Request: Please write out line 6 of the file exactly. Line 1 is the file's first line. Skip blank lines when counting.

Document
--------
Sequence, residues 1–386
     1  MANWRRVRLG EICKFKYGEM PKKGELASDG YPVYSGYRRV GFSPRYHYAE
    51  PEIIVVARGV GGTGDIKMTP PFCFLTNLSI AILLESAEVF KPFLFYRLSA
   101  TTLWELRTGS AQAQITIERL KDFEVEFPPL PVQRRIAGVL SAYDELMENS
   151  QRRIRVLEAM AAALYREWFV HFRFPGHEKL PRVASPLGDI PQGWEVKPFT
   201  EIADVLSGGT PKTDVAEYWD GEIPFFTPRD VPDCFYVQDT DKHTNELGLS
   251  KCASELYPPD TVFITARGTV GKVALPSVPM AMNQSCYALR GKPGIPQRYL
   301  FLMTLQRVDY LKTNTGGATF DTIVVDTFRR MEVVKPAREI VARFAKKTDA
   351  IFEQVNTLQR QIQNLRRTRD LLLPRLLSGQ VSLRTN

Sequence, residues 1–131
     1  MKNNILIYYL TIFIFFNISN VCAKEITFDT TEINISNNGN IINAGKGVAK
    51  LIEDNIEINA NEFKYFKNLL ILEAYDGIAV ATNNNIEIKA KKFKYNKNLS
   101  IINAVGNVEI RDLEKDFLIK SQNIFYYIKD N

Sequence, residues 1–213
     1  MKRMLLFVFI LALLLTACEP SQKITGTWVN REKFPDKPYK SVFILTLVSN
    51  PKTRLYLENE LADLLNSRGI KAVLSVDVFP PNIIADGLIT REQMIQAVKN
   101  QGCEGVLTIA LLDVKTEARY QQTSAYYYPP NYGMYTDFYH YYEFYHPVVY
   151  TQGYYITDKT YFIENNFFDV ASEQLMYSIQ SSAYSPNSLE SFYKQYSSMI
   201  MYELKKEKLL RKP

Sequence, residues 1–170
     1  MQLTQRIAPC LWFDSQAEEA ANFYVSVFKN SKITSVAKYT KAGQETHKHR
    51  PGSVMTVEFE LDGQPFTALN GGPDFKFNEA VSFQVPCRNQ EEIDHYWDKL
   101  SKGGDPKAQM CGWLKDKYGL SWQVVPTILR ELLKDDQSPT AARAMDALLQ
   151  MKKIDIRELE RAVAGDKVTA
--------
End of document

   201  EIADVLSGGT PKTDVAEYWD GEIPFFTPRD VPDCFYVQDT DKHTNELGLS